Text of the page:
“We were getting a little crumpling at times, so it could be an issue of moisture control. Or it could be less forgiving because it doesn’t have the same structural integrity as the 30 percent recycled paper, which has new paper mixed in,” Gauthier said.

Plans are in place to test the 100 percent recycled paper in the high-speed equipment in the summer, when there will be far more moisture in the air. Gauthier also expects that once the lease on Document Services’ equipment expires in 2011 and new equipment comes in, the department will join the rest of the campus in using the 100 percent recycled paper.

Achieving budget neutrality

Morrissey spoke with interim Director of Sustainability Michael Lizotte, who was pleasantly surprised by the drop in price of the 100 percent recycled paper.

“My first reaction after saying, ‘This is great news’ was ‘How can we reduce the paper consumption by 5 percent to make this budget-neutral?’” said Lizotte, a member of the Campus Sustainability Council, an interdisciplinary group of faculty and staff that advises the University’s administration on sustainability issues.

Lizotte and the Sustainability Council already have been working with Academic Computing and other departments across campus to brainstorm methods for reducing paper consumption — which has increased as student enrollment has increased over the past 10 years. For example, computer labs now incorporate a “countdown” showing how much paper a student has used.

“Nothing happens if a student gets to zero,” Lizotte said, “but people often don’t conserve if they don’t have a visual reminder. That usually has an effect on behavior.”

Knaapen said that Academic Computing has been working with the Oshkosh Students Association to look at printing limits in the labs. She expects that once statistics are gathered, appropriate limits will be set.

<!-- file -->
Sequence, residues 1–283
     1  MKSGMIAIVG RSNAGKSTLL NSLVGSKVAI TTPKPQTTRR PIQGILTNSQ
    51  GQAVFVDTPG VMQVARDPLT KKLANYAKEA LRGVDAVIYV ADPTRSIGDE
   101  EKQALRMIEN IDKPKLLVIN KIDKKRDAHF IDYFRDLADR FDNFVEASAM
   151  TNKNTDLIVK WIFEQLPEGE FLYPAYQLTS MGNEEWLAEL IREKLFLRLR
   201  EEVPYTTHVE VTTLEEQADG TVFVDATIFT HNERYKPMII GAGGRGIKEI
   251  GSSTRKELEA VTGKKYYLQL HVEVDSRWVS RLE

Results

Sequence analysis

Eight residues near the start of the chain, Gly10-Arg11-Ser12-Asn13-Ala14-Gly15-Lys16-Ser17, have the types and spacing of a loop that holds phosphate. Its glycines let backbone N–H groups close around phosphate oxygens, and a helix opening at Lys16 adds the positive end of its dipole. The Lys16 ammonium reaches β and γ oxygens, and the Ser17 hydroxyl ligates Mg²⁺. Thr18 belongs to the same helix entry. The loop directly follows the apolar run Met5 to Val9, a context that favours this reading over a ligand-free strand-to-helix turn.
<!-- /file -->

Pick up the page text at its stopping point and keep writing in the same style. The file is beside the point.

In addition, the Sustainability Council plans to work with faculty to reduce paper use on campus, including through their assignments to students. Faculty and teaching staff currently have the option to receive, edit and grade electronic submissions of assignments through GradeMark, an online tool that University licenses.

“Another example is if you print a PowerPoint presentation, and you don’t make the right selection, you get one slide per page, so if a professor wants a PowerPoint printed out, he or she should explain how to choose the setup for six slides per sheet,” Lizotte said.

Other tips for reducing paper consumption include printing on both sides of the page, using networked printers instead of desktop printers (which makes printing less convenient and, arguably, less likely to occur) and adapting a “think before you print” mentality.

Given that UW Oshkosh currently uses more than 30,000 reams of paper (or 75 tons) annually, Lizotte estimates the investment in the 100 percent recycled paper will save 1,100 trees per year.

“That is approximately the number of mature trees on our 130-acre campus,” Lizotte said.

And so, by taking what he describes as “the next logical step,” Morrissey proves that one person can make a big difference and that at UW Oshkosh, sustainability is everybody’s business.